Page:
On 25 November 1866, René Marie- Charles Poirier, third Bishop of Roseau wrote to the Propagation of the Faith in Rome “The parish of “Grande-Baie”, ancient mission of the Jesuits, has been abandoned since. The chapel is in ruins, without roof, without door, without windows, and overtaken by bushes ” After the Jesuits abandoned their Geneva estate before 1764 , the Catholic Church never regained possession of the Geneva estate although the use of the chapel and burial ground on that estate continued. This was not without problems. In 1844 there was a violence in the Grandbay area and one of the reasons was “that the attorney of these properties had caused the Roman Catholic Chapel on the Geneva Estate to be locked up which gave great offence”. Attempts by Bishop Poirier in 1866 to secure the portion of land around the chapel for the Catholic Church from the Geneva estate legal owners proved unsuccessful, so a new church was built at the outskirts of the Geneva estate. This parish church, located in the neighbourhood of the present church tower, was the first church in Dominica to be solemnly consecrated. This was in early 1905.101_PANA-P1010151_P1010151 The first time we read about the present parish church in Grandbay , outside the Geneva Estate, is in the Ecclesiastical Bulletin of 1919: “The Bishop left Roseau for Grandbay on April 28, 1919 and held, on the following day, the confirmation service, after the Solemn High Mass, sung by the Rev. Fr. Baudry, FMI, Parish Priest of La Plaine. The presence of 8 priests in the sanctuary enhanced the solemnity and the impressiveness of the Divine Service. 250 confirmation candidates, with their godfathers and godmothers, filled the church. It was, on this occasion, observed once more that the large parish of Grandbay needed a larger church. Rumor has it that the parish priest Fr. Francois had renounced his plans to enlarging the present parochial church, and was, with the Bishop’s approval, determined upon building a new, spacious church.” The parish had increased to well over 4,000 inhabitants, nearly all Catholics. It was decided to build a new church, much larger and much more beautiful than the existing one. Works were started in 1921 and it was considered that it would require 2 years to complete. But, owing to the unforeseen rise in the cost of building materials all available money was spent long before the walls were finished and the people, on account of the trying times, were unable to help, though they showed much good will in voluntary labour.     (sources The Ecclesiastical bulletin of Roseau and the history written by James Moris)Grandbay bell tower .(sources The Ecclesiastical bulletin of Roseau and the history written by James Moris) The present church was renovated with rust proof Aluminium sheets in 1989. At that time it lost the “gargoyles” or waterspouts, an architectural element which reminded the parishioners of devils. The floor was beautifully tiled by Fr. Krastel R with a financial grant from Fr. Albert Lamothe (+ 2010). He also expanded the cemetery. Fr. Mark Owen C.Ss.R set up a hardworking pew or bench committee under the chairmanship of president Liverpool. He also replaced the concrete blocks in the windows with timber shutters with stainless steel hooks and stained glass, redid the sacristy, built the choir stalls in the choir loft, and installed a new PA system. Very Rev. Fr. Mark Owen C.Ss.R also brought out the beauty of the architecture of this church by painting it with the colours green and gold/orange, colours associated with the Irish saint St. Patrick. In 2010, Most Rev. Kelvin Felix, archbishop emeritus, replaced the rest of the church pews and added the sanctuary screen and celebrant’s chair.Grandbay celebrant chairs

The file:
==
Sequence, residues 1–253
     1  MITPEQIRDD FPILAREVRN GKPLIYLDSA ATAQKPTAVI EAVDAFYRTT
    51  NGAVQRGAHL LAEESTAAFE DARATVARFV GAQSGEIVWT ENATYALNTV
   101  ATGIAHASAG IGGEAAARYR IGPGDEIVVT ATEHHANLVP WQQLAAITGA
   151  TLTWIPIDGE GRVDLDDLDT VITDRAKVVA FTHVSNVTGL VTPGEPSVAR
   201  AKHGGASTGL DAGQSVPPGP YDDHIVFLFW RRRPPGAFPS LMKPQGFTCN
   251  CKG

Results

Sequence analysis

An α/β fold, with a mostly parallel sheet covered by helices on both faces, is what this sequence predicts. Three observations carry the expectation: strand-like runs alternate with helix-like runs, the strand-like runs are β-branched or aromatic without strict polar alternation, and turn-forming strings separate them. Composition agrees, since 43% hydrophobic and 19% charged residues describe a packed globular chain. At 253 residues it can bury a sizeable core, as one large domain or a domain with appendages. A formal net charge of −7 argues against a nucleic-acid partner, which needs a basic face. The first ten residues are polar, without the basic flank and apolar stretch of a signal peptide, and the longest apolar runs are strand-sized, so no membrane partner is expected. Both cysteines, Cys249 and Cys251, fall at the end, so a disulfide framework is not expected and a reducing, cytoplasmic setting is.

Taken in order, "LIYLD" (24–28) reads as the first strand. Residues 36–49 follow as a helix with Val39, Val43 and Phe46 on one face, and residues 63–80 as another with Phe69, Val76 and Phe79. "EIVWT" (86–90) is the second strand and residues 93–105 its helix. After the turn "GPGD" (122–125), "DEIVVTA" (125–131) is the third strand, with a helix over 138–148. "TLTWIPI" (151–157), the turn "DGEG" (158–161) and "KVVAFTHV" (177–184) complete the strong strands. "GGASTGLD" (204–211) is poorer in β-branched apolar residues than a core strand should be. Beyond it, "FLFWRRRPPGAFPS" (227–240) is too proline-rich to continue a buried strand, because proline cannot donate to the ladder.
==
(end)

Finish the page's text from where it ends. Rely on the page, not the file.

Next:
photograph by Monsignor William John Lewis